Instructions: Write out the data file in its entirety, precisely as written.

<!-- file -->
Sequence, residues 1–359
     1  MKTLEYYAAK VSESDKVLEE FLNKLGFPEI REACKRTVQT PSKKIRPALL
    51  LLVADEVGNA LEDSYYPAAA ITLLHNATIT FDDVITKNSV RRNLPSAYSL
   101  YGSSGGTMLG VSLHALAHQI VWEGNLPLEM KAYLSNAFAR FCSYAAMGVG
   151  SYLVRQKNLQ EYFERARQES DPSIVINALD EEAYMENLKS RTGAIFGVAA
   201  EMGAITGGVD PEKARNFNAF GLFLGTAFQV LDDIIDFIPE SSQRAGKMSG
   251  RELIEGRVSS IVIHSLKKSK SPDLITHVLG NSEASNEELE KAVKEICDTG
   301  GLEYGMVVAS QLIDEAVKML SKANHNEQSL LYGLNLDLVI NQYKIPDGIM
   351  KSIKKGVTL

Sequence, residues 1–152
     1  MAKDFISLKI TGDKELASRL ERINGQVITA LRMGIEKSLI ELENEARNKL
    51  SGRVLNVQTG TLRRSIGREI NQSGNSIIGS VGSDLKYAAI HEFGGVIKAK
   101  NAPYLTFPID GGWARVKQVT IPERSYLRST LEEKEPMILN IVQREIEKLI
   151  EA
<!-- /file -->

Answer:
Sequence, residues 1–359
     1  MKTLEYYAAK VSESDKVLEE FLNKLGFPEI REACKRTVQT PSKKIRPALL
    51  LLVADEVGNA LEDSYYPAAA ITLLHNATIT FDDVITKNSV RRNLPSAYSL
   101  YGSSGGTMLG VSLHALAHQI VWEGNLPLEM KAYLSNAFAR FCSYAAMGVG
   151  SYLVRQKNLQ EYFERARQES DPSIVINALD EEAYMENLKS RTGAIFGVAA
   201  EMGAITGGVD PEKARNFNAF GLFLGTAFQV LDDIIDFIPE SSQRAGKMSG
   251  RELIEGRVSS IVIHSLKKSK SPDLITHVLG NSEASNEELE KAVKEICDTG
   301  GLEYGMVVAS QLIDEAVKML SKANHNEQSL LYGLNLDLVI NQYKIPDGIM
   351  KSIKKGVTL

Sequence, residues 1–152
     1  MAKDFISLKI TGDKELASRL ERINGQVITA LRMGIEKSLI ELENEARNKL
    51  SGRVLNVQTG TLRRSIGREI NQSGNSIIGS VGSDLKYAAI HEFGGVIKAK
   101  NAPYLTFPID GGWARVKQVT IPERSYLRST LEEKEPMILN IVQREIEKLI
   151  EA